Tacoma Community House Strives to Empower

106-year-old, Tacoma Commu­nity House (TCH) continues to better Washingtonians through a variety of support programs.

TCH is a non-profit organization located on Hilltop at 1314 S L St., Ta­coma, WA. The building has been renovated three times while it’s been in business.

Over the years the organization has changed, but throughout those chang­es the organization always thrived to serve the South Puget Sound area.

Originally, the organization served families and children in the neighbor­hood. A lot of programs were geared towards the youth—Boy Scouts, Girls Scouts, children’s summer camp pro­grams, etc. The organization changed, now mainly serving adults.

“The programs changed in re­sponse to community needs. [The organization] begins and ends pro­grams according to the current great­est need. In the early 20th century that need was for the first preschool and literacy programs. Now the greatest need is adult education, employment, and immigration services,” says Com­munity Organizer, Sarah J. Roemer.

There are four departments: educa­tions, employment, immigration, and advocacy.

The organization does provide one educational program for children called Read to Me. This program is led by a team of volunteers, Tacoma Community House staff members, and staff from AmeriCorps—a network that connects over 70,000 Americans each year to meet community needs. Together, they focus on the educa­tional needs of four schools in Tacoma (of their choice) and work with the children throughout the school year.

“The teachers test the children the first month of school. Then we train and match volunteers to children who are below reading level for first through third grade. Those children are matched with their tutor, and their tutor comes in one hour a week for the school year,” says Roemer.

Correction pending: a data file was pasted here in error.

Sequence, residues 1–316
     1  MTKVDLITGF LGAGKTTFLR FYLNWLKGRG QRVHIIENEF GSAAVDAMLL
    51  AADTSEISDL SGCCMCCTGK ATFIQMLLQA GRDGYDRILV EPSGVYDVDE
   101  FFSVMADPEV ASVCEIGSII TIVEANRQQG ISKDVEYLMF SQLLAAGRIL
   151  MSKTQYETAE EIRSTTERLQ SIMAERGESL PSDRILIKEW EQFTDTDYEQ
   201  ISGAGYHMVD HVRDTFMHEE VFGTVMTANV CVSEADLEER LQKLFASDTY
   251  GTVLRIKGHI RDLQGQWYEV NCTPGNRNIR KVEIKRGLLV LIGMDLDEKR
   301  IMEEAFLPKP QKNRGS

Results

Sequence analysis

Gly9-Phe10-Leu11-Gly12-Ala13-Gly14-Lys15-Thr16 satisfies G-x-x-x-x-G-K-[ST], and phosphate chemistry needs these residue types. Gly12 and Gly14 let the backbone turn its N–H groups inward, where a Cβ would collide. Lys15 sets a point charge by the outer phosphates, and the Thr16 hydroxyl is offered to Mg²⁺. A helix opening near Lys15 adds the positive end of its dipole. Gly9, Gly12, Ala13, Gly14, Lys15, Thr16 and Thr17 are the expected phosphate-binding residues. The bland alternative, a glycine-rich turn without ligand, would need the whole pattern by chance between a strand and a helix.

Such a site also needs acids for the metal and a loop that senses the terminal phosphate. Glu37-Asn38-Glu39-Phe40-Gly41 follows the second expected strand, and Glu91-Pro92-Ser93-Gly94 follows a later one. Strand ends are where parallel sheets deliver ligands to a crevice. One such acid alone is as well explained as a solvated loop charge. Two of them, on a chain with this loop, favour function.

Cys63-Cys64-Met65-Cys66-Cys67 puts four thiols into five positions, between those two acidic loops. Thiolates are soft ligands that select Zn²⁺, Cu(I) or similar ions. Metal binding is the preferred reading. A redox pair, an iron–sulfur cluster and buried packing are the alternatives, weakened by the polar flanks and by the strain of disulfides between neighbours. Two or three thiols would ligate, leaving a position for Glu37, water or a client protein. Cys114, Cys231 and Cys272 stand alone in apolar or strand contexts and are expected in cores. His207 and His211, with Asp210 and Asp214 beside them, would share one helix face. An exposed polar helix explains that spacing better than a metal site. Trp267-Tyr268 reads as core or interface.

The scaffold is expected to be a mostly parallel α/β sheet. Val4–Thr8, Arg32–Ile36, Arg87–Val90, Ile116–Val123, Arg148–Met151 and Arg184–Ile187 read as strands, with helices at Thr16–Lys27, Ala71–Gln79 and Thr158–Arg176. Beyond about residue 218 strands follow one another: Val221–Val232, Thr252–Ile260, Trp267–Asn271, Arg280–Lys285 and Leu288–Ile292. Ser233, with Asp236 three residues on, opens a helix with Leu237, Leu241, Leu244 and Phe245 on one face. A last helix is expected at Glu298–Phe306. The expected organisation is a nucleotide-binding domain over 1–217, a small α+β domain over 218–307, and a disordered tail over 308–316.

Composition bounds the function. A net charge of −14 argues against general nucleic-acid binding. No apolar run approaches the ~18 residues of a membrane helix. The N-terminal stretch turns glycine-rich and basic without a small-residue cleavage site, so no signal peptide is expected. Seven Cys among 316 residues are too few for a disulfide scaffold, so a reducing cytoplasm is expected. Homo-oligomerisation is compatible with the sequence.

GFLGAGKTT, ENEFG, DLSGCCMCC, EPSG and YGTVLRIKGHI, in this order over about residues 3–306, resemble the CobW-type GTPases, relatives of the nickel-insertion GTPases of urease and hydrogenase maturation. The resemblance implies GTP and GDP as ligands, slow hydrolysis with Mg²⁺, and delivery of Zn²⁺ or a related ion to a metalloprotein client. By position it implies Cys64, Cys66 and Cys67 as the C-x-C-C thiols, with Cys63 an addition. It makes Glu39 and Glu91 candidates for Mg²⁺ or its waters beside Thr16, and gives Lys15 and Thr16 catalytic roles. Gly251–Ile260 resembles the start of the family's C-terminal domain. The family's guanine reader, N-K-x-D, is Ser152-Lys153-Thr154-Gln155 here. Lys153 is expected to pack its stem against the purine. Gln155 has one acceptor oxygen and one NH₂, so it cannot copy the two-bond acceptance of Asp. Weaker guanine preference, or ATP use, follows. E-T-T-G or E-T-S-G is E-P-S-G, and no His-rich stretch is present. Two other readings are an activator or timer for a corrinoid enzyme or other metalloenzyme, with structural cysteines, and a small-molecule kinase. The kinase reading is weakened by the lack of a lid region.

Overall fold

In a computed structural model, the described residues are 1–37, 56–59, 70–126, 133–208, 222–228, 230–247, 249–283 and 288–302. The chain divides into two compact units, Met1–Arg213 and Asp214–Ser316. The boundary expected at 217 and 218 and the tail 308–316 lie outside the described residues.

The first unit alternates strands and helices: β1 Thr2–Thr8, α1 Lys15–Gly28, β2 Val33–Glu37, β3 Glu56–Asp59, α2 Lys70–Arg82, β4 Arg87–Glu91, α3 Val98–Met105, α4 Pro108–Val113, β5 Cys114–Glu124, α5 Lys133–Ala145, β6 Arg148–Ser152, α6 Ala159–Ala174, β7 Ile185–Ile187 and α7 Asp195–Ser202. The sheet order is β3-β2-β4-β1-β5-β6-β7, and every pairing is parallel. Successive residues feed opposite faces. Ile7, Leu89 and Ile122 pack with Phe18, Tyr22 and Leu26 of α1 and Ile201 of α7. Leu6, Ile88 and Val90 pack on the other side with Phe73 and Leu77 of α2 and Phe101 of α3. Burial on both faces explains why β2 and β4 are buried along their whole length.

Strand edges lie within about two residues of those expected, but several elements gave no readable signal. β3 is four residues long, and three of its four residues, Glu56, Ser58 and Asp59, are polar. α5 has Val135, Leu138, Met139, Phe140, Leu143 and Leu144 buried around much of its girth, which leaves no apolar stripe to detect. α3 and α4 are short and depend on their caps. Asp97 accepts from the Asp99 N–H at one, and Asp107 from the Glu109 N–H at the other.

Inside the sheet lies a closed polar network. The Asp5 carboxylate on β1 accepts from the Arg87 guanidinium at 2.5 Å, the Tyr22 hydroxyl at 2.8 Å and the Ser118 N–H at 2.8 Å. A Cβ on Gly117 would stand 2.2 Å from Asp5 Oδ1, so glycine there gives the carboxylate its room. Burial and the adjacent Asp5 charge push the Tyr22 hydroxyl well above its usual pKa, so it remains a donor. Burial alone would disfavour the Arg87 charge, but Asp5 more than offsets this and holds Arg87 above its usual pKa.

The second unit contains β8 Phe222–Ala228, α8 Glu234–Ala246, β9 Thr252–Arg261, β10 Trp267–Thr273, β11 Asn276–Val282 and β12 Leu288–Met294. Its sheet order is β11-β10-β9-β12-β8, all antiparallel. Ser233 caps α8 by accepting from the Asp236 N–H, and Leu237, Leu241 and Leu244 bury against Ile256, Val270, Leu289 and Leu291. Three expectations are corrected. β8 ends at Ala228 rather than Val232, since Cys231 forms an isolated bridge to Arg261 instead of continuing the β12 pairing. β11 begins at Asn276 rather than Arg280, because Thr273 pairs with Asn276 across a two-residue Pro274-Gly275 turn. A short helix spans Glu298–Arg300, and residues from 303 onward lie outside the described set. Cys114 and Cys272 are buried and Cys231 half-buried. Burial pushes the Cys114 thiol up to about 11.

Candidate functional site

After the school year, the Read to Me staff members test the children to mark their development.

Last year, the 175 staff and volun­teers tutored a total of 500 children in the Tacoma area.

The popular GED program pro­vides adults with classes in order to receive the certificate.

“We test them [then] separate them into different classrooms. There is reading, writing, and math. Other subjects are incorporated into those classes [such as social studies, geog­raphy, and science],” says Roemer.

In addition, the organization goes beyond the paper and pencil, aiding adults in finding job opportunities.

“We have workshops where em­ployers come in and help people fill out applications,” says Roemer.

The department of advocacy is for both immigration and victims of crime.

The client advocacy program pro­vides resources for victims of human trafficking, sexual assault, and domes­tic violence.

The staff members aiding victims of crime assist them with court paper­work, police reports, filing orders of protection, and referrals to therapists.

TCH also provides an advocacy program for immigrants, aiding them on their path to citizenship.

“It’s amazing what Tacoma Com­munity House has been able to do for 106 years. Through all the ups and downs in the economy and social pres­sure they have stayed here, in the Hill­top, through it all. Several people have worked here for more than twenty years and have seen so many faces come through here, working to create a stable life… The people that I share with very dominantly have the urge to step up and ask, ‘What can we do to support you?’ It’s great knowing that Tacoma and South Puget Sound care… we just need to connect more often to foster support long-term,” says Roemer.

COURTESY OF TACOMACOMMUNITYHOUSE.ORG
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